Stewart Park (Middlesbrough) defibrillator was officially unveiled on Saturday morning before the weekly parkrun event. Thanks to the efforts of Swift-tees community running club and the generosity of the public the park will be a safer place from now on.
Middlesbrough South and East Cleveland MP Tom Blenkinsop did the honours, flanked by the chair of Friends of Stewart Park, Councillor Town Mawston, Chair of Swift-tees Michael McCann, the instigator of Swift-tees and the public appeal, Rosanne Lightfoot, also representing major donor Boro, was Head of UK Recruitment, Gary Gill and Pete Richardson Parkrun North East Amabassador.
The light rain and early start didn’t put off a crowd of onlookers, many wearing running club colours, Swift-tees blue and NYMAC black being to the fore but others were also represented. This was a gesture from the running community to help make Stewart Park safer for all.
The public appeal was launched by Swift-tees community running club at the start of December and such was the grip on the public imagination that the £1600 total needed was realised in less than 4 weeks.
A launch event at Stewart parkrun in early December saw Swift-tees members take over all the voluntary positions at the every popular parkrun all dressed in medical attire. There were £500 + donations raised on that first day. Boro Head of Recruitment and parkrun fan, Gary Gill donated a signed Boro shirt raffled for well over £300 at the Swift-tees Christmas party.
The defibrillator is secured in its casing on the external wall of the Captain Cook Museum and today a first of several session was held by North East Ambulance Service in training in CPR and defib-use for up to 100 regular park users and Askham Bryan College staff based in the park. Anyone will be able to use the equipment and it could potentially be a life saver for someone struggling at any age. The courses however will enable park regulars to have a better grounding, understanding and practical experience and therefore confidence in dealing with crisis.
Swift tees Community Running club is based at the Habinteg Centre behind Hemlington shops. The community comes first for this very welcoming and award winning group. People of all ages and abilities are encouraged to run, jog or walk at a level they are comfortable with and enjoy a cup of tea and a biscuit and a chat about it afterwards.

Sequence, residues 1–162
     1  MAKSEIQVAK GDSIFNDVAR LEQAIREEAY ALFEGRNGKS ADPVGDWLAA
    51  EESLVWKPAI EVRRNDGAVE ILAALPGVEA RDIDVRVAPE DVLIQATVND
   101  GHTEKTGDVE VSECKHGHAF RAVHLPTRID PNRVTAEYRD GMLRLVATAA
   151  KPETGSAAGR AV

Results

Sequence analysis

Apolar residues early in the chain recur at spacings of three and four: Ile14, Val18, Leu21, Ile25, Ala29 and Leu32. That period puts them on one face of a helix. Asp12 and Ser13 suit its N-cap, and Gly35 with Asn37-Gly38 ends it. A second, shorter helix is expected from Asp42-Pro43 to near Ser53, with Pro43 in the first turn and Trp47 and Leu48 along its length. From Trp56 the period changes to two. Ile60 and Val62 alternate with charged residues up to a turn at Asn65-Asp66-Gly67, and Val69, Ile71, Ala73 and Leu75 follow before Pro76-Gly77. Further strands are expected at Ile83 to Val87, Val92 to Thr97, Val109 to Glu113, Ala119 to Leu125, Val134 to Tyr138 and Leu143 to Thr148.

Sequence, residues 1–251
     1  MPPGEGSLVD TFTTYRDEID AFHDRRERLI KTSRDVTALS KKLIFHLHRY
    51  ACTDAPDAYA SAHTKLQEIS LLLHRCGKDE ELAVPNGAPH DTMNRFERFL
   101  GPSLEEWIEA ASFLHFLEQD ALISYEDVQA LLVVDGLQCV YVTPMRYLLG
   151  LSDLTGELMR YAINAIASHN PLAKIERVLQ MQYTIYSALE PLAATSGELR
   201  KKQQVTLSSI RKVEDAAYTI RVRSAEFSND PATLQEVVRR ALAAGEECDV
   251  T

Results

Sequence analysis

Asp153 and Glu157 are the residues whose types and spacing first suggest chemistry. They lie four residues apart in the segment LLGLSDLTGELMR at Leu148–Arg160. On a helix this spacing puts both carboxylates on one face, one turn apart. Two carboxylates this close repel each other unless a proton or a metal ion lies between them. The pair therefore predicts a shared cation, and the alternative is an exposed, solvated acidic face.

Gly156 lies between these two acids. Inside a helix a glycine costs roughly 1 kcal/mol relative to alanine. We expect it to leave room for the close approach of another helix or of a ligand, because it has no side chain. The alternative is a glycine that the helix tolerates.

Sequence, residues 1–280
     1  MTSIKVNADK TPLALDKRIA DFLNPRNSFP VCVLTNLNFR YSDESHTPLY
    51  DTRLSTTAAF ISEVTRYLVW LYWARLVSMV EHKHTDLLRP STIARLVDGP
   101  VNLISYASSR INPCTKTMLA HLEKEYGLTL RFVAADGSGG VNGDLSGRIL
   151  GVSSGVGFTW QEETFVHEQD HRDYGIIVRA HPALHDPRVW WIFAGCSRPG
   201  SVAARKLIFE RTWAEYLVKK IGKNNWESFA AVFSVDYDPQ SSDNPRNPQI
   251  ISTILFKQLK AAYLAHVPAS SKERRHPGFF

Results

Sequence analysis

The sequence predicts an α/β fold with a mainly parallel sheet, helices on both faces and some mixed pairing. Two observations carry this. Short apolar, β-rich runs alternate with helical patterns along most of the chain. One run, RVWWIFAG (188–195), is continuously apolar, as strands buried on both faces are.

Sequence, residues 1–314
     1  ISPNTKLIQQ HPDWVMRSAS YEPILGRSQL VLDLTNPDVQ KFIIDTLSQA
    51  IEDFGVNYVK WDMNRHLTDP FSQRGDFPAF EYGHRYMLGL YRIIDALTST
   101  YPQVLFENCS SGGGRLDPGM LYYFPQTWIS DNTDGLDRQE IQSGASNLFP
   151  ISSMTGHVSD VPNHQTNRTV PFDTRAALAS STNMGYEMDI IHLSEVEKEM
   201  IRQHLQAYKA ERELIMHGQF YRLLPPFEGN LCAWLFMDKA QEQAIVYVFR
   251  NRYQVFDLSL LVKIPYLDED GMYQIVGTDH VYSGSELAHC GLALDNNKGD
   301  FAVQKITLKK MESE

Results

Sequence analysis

The appeal was the brain wave of Swift-tees founder Rosanne Lightfoot. It was so successful that she hopes to follow up with a defibrillator for the many leisure users around Hemlington lake. The users now include a junior parkrun held on a Sunday morning around the lake and very popular in Gary Gill’s household.
Parkruns are going from strength to strength these days. It doesn’t matter where you are in the country at 9am on a Saturday morning there will be a growing band of people lapping their local park for a distance of 5km. Stewart Park had its record attendance of 354 in mid January and there were almost 500 runners bringing the New Year in around Albert Park on January 1st, a record for the Linthorpe park.
Nationally, parkrun are aiming to get defibrillators as close as possible to the weekly runs . Recently a runner colapsed at Clumber Parkrun in the East Midlands and was revived by volunteers and other runners using a brand new two week old defibrillator and CPR. This brings home how defibrillators and CPR can be a matter of life and death.
The new device is a community public access (cPAD). The vandal proof cabinet is fitted with a combination lock and the code will only be available when a 999 call placed to North East Ambulance Service. An ambulance will then deployed at once and the code given to allow the life saving equipment to be used.
The North East Ambulance Service will return the defibrillator back in its cabinet with a new code and ensure it is maintained and there to save lives in the popular park. As Rosanne said on Saturday morning hopefully it is never needed but we can all feel more safe and secure in the knowledge that Stewart Park now has a defibrillator.